Congressional hearing rightly reverses marginalization of Iranian opposition
On Wednesday, April 29, 2015, the House Foreign Affairs Committee has scheduled for Mrs. Maryam Rajavi, the Paris-based Iranian opposition leader to address a subcommittee hearing, “ISIS: Defining the Enemy” via satellite, as the first witness.
I commend my former colleagues, House Foreign Affairs Committee Chairman Ed Royce (R-Calif.), and chair of subcommittee on Terrorism, non-proliferation and Trade, Judge Ted Poe (R-Texas) for doing the right thing and affording the U.S. Congress the opportunity to examine facts and hear from those in the field, rather than relying only on experts within the beltway.
Rajavi’s testimony before Congress is long overdue. For 15 years, the People’s Mojahedin Organization of Iran (PMOI/MEK), the principal Iranian opposition movement, was marginalized with a terror label that was created by the propaganda and political machinations of the regime and those in Washington who wanted to curry favor with Tehran.
The designation drew ire in Congress as a bipartisan majority in the House, including myself, and a sizable number of senators considered it a goodwill gesture towards Iran and called for its immediate lifting. The MEK shook off the terror label subsequent to 20 court rulings in the UK, EU, and the U.S. It is time and to the U.S. interests that the dire political consequences of this labeling are put to rest once and for all.
Rajavi’s movement alerted the world about Iran’s clandestine nuclear project, exposed Iran’s pervasive presence in Iraq and its operation of terror networks that exported improvised explosive devices to Iraq to kill American servicemen. The opposition has also waged a cultural and political war against Islamic fundamentalism emanating from Iran. Its ubiquitous representatives have galvanized a global campaign against human rights offenses, in particular against women within Iran.
In that sense, if the issue is ISIS and defining the enemy, Rajavi is certainly qualified to speak as her movement has been fighting a regime that pursued sectarian violence in Iraq and supported Assad, which led to the rise of ISIS. If it is Islamic fundamentalism and Tehran’s role, Rajavi is more than qualified to speak. If it is Iran’s nuclear program, her movement has had its finger on the pulse of that issue throughout the past decade. On human rights abuses by those with ISIS mentality, her movement has endured the brunt of suppression and executions in Iran. As many as 120,000 activists of her movement have been executed in Iran over the past three decades in the hands of those who were the de facto mentors of ISIS.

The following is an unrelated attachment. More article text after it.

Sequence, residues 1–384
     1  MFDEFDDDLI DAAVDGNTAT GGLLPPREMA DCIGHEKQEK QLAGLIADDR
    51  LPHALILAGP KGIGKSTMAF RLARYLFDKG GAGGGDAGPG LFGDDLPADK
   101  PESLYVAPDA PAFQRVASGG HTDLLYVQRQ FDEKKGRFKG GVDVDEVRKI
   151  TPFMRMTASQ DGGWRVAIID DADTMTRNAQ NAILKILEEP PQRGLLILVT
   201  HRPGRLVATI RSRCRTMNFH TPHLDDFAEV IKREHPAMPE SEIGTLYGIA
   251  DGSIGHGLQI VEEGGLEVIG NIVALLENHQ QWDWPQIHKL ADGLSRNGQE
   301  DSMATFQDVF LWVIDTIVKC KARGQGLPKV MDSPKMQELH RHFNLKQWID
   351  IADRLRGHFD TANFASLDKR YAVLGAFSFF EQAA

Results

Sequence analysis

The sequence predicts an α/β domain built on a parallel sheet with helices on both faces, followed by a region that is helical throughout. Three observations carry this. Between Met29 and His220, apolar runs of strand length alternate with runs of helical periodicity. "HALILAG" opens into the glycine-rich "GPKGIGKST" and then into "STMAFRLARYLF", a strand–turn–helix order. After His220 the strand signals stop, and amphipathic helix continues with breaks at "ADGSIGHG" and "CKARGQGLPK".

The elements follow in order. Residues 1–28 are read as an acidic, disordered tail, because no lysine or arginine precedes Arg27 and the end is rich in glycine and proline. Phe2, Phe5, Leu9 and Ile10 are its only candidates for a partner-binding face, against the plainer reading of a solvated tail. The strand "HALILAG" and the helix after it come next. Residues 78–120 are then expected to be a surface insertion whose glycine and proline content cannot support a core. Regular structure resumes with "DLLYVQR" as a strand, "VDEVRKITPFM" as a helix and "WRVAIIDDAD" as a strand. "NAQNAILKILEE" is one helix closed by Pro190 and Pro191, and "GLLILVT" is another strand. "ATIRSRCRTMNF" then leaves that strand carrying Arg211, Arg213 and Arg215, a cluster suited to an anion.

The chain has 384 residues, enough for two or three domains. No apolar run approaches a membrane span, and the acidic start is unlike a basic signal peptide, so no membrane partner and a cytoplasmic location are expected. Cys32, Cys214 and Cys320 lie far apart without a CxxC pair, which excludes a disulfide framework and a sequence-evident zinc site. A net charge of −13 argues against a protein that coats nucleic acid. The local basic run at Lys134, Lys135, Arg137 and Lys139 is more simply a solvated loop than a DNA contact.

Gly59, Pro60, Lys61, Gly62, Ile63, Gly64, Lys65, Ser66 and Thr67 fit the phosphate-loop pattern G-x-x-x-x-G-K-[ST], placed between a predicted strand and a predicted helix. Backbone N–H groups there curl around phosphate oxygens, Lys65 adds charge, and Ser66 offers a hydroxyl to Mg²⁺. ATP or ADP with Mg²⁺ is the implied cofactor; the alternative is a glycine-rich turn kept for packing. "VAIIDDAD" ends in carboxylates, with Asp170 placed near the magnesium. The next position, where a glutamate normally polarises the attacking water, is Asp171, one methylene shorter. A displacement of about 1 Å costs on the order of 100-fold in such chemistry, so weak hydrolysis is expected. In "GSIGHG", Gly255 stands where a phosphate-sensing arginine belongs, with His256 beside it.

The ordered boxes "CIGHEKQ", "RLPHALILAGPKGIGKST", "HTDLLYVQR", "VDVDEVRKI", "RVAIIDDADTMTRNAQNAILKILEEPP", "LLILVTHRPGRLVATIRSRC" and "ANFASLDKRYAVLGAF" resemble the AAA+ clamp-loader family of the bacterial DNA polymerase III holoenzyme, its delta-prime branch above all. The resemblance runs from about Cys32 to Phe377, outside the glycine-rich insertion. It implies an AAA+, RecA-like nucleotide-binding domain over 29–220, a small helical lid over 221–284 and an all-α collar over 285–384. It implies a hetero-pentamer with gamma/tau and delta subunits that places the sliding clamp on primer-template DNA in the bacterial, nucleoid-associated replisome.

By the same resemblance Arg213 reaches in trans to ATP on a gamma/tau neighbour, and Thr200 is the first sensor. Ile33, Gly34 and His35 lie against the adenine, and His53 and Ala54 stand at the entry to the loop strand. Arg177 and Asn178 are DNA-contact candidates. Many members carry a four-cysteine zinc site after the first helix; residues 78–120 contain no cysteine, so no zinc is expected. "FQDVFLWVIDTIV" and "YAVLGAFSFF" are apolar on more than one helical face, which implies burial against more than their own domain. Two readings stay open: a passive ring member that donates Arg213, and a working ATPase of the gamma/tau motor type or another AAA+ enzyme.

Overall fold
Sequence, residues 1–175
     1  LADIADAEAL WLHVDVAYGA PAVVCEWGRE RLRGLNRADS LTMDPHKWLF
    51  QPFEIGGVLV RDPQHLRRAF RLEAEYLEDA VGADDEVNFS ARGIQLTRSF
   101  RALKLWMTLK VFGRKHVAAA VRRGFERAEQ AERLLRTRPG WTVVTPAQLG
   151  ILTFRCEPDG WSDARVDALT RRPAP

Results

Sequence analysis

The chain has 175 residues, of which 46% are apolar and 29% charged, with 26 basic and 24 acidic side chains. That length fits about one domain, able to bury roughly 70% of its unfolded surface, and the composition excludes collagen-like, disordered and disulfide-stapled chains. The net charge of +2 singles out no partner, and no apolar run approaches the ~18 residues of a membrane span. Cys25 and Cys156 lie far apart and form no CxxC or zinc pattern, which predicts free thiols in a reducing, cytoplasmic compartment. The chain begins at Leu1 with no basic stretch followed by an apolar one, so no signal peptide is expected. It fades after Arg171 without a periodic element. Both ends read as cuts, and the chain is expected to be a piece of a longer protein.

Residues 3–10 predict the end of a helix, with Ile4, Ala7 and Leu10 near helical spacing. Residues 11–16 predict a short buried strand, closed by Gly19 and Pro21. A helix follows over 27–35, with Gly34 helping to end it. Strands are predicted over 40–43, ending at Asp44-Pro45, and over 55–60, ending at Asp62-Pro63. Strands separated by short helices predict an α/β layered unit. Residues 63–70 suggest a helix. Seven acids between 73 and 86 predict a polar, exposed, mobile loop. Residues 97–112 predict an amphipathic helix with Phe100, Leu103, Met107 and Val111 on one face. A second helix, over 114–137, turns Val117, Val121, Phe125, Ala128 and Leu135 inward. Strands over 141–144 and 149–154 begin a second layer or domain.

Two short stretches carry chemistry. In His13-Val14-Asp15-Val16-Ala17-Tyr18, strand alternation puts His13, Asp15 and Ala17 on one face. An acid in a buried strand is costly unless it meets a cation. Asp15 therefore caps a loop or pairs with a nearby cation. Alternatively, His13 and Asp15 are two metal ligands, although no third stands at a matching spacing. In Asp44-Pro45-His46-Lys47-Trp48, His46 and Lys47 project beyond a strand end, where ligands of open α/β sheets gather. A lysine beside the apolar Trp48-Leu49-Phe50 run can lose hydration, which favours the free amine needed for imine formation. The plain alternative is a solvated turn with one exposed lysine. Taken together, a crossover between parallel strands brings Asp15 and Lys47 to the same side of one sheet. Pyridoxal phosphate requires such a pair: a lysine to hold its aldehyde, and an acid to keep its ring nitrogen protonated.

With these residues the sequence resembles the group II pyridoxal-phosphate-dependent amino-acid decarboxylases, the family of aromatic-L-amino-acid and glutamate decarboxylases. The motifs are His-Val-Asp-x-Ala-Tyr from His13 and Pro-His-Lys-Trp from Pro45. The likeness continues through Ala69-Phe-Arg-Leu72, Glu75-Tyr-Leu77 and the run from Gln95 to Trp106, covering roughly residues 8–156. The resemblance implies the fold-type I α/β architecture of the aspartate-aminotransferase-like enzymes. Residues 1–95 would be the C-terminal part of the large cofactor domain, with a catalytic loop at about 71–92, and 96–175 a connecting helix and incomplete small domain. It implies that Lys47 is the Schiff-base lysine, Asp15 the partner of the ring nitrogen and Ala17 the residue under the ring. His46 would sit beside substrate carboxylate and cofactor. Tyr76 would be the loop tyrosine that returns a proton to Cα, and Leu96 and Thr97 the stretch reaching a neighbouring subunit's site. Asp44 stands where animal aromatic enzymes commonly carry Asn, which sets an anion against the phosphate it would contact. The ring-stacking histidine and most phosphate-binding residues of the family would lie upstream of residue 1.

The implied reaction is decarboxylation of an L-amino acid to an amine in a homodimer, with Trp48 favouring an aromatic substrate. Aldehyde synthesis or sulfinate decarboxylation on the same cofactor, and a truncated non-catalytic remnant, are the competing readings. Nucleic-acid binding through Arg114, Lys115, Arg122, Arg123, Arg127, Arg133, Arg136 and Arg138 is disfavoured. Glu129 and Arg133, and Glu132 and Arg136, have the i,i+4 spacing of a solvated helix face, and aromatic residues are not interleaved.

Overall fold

The group’s support among the Diaspora is as impressive. The annual conventions of the movement draw some 100,000 expats from the world over, accompanied by supporters including a stellar roster of US dignitaries, a rare bipartisan support for this movement for freedom and democracy in Iran.
The Obama administration is in the middle of significant negotiations with the Iranian regime over its controversial nuclear program. Whatever the result may be, it will be a defining moment for Iran and the region. But the U.S.’s problems with Iran are not limited to nuclear threat.
Tehran’s egregious regional policy of meddling and fomenting unrest in countries from Syria to Yemen, its fostering of Islamic fundamentalists, its state sponsorship of terrorism, its virulent anti-Israeli rhetoric, its detention of four American citizens, and its flagrant abuses of the most rudimentary rights of Iranian citizens are among a litany of issues that should be addressed by any comprehensive Iran policy. Iran has been the number one preoccupation of Secretary of State John Kerry and his entourage.
To avoid the voices about Iran to be monolithic in Washington, Iranian people should be brought into the equation and Rajavi provides a serious, viable voice. That is not a matter of dispute.
Tehran’s already harsh reaction to Rajavi’s presence as a witness at the upcoming hearing is a testimony to her value and the correct decision made by the committee leadership to invite her. Iran’s rulers deem Maryam Rajavi, her democratic 10-point plan for the future of Iran that calls for separation of church and state, equal rights for women, free market economy, peace in the Middle East, and a non-nuclear republic, as well as her devoted followers who aspire a free and democratic Iran to be a serious torn in their side, if not an existential threat to their survival.
The nuclear talks are as serious as ever. But should we allow our policy on Iran and serious regional discussions be taken hostage for political considerations? This congressional hearing says that the response is a resounding no.
Tancredo served in the House from 1999 to 2009. He ran for president in 2008.
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